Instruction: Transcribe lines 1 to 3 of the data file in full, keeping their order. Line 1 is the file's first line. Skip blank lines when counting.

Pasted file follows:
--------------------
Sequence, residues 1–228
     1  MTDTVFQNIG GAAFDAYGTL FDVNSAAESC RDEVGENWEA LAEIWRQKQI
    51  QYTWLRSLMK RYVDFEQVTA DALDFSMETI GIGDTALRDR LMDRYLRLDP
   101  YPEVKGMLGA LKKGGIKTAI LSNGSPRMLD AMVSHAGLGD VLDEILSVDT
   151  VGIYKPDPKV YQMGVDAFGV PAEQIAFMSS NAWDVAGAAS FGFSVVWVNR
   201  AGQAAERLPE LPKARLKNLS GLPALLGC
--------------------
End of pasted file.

Sequence, residues 1–228
     1  MTDTVFQNIG GAAFDAYGTL FDVNSAAESC RDEVGENWEA LAEIWRQKQI
    51  QYTWLRSLMK RYVDFEQVTA DALDFSMETI GIGDTALRDR LMDRYLRLDP